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by Rosco Brong

Practica1 Proverbs
Proverbs 3:5-8, 13-15; 15:1-5; 23:19-21

In the book of Proverbs we have a unique collection of holy wisdom on a practical plane, or what we might call sanctified common sense, which is an exceedingly uncommon thing. We are reminded here that the best life on earth is life lived in the light of heaven -- but with our feet on the ground.

Much of the loud talk we hear about spiritual power could profitably be replaced by real spiritual power in the application to real life of the spiritual instruction to be found in Proverbs and other Scripture. If some Christians have failed to grasp the great theological doctrines of the Bible, others failing to apply the simpler teachings of the Bible which ought to govern our everyday life.

Perhaps it is easier to generate enthusiasm and get excited about some great controversial doctrines and prophetic interpretations, but one of the greatest needs among orthodox Bible-believing Baptists is a revival of old-fashioned Biblical morality which we can all agree on in principle but so often fail to practice.

Certainly the greatest need and duty of Christians is to worship and serve Christ in anticipation of eternal glory in His presence. But when we really do this we find Him telling us how to behave ourselves here and now.

Proverbs selected for this lesson may be outlined as follows:

1. Attitudes, Proverbs 3:5-8.
a. Total trust, 5.
b. Divine direction, 6.
c. Faithful fear, 7.
d. Better blessings, 8.
2. Affluence, Proverbs 3:13-15.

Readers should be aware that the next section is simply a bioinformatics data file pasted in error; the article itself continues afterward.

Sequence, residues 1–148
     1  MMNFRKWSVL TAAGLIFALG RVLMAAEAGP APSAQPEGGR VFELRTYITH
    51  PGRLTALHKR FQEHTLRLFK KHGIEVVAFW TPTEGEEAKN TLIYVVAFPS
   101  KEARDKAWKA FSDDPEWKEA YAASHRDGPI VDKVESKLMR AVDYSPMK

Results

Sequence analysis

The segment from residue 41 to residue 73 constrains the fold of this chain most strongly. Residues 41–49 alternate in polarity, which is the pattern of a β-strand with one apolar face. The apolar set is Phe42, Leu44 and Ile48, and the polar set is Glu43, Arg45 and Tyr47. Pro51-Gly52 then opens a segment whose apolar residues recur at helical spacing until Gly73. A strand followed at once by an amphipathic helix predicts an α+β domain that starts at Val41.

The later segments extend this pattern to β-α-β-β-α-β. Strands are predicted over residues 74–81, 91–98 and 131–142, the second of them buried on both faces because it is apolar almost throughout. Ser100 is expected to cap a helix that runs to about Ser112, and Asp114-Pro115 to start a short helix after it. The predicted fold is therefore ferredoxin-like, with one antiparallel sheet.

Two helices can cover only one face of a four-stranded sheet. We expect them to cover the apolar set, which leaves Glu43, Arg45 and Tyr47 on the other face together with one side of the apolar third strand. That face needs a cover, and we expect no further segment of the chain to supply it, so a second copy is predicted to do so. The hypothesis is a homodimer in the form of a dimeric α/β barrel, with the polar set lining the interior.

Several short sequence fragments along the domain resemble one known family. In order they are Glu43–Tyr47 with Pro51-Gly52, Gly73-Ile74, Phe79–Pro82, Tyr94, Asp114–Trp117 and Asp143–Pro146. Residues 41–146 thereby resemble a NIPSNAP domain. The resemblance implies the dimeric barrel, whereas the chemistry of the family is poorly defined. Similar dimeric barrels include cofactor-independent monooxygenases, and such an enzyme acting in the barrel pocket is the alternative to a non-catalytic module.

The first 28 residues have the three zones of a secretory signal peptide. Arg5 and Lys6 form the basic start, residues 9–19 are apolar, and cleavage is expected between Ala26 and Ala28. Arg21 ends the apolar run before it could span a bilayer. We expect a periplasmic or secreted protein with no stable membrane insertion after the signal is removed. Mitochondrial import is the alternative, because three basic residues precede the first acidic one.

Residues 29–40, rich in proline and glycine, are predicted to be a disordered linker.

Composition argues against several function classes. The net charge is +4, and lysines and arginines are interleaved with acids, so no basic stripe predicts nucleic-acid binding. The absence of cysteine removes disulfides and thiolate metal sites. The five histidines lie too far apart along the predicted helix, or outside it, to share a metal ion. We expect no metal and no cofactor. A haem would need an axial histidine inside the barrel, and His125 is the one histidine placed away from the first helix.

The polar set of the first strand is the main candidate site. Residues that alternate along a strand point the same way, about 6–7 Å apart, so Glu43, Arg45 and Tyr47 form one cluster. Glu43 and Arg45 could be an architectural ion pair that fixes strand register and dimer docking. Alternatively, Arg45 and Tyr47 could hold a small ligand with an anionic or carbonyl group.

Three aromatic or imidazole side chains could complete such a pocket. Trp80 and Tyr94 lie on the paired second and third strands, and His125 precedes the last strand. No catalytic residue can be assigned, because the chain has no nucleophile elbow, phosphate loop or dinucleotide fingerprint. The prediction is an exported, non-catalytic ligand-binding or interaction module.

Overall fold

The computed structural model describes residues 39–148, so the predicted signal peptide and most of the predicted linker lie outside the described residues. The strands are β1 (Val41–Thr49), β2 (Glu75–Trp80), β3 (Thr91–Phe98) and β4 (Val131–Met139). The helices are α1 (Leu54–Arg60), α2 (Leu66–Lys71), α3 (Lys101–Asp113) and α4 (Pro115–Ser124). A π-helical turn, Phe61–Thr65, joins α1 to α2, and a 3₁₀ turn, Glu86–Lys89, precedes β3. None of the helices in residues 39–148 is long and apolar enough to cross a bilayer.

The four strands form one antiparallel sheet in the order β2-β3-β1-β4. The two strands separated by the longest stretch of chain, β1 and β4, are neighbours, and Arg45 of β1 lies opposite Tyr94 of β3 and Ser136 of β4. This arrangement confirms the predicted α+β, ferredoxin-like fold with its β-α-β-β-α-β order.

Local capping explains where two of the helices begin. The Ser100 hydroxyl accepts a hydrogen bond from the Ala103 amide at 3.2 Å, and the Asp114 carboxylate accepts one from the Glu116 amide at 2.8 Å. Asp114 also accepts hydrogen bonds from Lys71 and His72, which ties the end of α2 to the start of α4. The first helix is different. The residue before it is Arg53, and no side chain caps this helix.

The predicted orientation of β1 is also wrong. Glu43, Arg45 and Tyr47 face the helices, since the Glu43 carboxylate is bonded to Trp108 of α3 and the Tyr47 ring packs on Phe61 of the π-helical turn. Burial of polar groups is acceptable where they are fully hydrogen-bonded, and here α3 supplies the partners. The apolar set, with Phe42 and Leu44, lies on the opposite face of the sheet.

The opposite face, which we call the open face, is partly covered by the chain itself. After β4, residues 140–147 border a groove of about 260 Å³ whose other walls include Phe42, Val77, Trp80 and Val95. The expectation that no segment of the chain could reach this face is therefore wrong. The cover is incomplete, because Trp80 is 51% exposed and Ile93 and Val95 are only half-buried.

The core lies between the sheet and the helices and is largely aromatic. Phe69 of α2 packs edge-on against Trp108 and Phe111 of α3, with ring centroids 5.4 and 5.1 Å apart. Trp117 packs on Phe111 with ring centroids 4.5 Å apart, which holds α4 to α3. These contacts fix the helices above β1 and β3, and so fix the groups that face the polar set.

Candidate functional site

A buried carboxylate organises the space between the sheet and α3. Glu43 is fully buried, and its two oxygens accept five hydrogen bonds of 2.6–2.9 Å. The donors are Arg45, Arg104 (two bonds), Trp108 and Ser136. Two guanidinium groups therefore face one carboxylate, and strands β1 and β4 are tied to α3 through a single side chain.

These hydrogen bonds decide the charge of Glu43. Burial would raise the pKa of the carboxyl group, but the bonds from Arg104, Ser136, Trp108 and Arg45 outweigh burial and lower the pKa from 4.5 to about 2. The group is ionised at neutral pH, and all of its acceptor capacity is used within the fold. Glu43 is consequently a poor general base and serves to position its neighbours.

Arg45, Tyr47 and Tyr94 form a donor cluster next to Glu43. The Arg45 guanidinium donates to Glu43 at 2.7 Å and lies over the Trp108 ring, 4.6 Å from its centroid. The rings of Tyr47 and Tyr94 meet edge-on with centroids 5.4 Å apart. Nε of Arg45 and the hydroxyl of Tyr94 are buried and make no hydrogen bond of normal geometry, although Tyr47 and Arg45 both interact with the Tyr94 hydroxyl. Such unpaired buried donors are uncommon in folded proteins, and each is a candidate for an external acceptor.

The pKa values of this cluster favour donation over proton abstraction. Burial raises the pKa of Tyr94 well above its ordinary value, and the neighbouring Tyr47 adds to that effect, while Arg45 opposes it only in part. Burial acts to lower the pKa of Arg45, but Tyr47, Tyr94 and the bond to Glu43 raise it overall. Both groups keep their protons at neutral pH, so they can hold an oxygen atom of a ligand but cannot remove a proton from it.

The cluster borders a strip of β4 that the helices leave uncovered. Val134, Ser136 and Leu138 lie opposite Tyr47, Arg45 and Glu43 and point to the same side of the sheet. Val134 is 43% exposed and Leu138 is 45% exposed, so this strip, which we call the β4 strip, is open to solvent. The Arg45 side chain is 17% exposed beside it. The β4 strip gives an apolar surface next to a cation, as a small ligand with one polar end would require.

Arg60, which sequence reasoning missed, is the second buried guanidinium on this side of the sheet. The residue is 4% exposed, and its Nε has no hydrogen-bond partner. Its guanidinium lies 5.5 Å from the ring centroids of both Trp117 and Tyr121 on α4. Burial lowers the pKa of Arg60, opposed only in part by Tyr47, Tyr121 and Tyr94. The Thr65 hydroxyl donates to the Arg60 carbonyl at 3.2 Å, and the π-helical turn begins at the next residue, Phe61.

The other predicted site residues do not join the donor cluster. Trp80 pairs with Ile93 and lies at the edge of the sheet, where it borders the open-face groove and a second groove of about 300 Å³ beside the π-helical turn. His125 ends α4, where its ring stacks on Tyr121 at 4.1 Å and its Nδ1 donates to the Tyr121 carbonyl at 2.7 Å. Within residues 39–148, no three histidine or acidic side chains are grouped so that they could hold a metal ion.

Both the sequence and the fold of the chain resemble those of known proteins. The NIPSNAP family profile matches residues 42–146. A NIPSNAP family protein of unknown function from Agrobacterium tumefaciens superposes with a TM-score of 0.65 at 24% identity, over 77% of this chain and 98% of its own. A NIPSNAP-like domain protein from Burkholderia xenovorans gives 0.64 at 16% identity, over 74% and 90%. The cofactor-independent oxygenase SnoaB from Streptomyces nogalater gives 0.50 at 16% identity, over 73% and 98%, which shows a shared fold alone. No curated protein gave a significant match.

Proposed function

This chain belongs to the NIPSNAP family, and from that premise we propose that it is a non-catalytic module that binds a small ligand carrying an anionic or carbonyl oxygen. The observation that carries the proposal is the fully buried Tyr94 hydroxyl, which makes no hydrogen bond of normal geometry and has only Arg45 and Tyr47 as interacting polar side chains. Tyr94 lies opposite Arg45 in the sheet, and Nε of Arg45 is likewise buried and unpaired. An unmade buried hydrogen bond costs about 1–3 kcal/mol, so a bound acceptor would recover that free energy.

a. Holy happiness, 13.
b. Godly gain, 14-15.
3. Answers, Proverbs 15:1-5
a. Careful counsel, 1-2.
b. Eternal evidence, 3.
c. Life's lessons, 4-5.
4. Appetites, Proverbs 23:19-21.
a. Willing wisdom, 19.
b. suitable separation, 20.
c. Maudlin misery, 21.

ATTITUDES, Proverbs 3:5-8.
We are not creatures of circumstances; we are creatures of God who have fallen into sin; and how we act in given circumstances depends upon our own nature and attitudes. This truth is axiomatic, and yet it needs to be often repeated and emphasized because of the perverse and contrary propa- ganda of modern education. We cannot always change our circumstances, but by God's grace we can change our attitudes.

Total Trust, 5.
Supposedly, if we profess to be Christians, we have put our trust in the Lord. How sincere is our profession? Do we trust Him partly or completely? Do we still to some extent lean to our own understanding? Are we willing to follow and obey our Lord wherever He leads and whatever He says, or only so far as we can understand?

Too often God's people act more like goats than like sheep: they "But" their own way instead of following the way of the good Shepherd. If Jesus has given us a clear com- mand, what difference does it make whether we can understand His reasons for it or not? We have no right to call Him Lord if we are not willing to do what He says. Let us trust Him completely in all things, without any ifs, ands, or buts.

Divine Direction, 6.
Let us have no ways in which we might be hesitant or ashamed to acknowledge our Lord. If we can always rejoice in the assurance of His presence, we can be sure that He will direct our paths. Of course, if we insist on going our own way without Him, He is hot directing us there.

Faithfu1 Fear, 7.
No man with a proper fear of the Lord can be wise in his own eyes. Somehow the reverence inspired by the consciousness of God's presence leaves no room for confidence in any strength or wisdom of our own. And when we learn to fear God as we ought, we learn also that "by the fear of the Lord men depart from evil" [Proverbs 16:6].

Better Blessings, 8.
"Health to thy navel and marrow to thy bones" may suggest spiritual blessings better than the blessings of physical health, but we can get those blessings elsewhere in the Scripture and we ought not to lose too much "spiritualizing" the promises of natural health.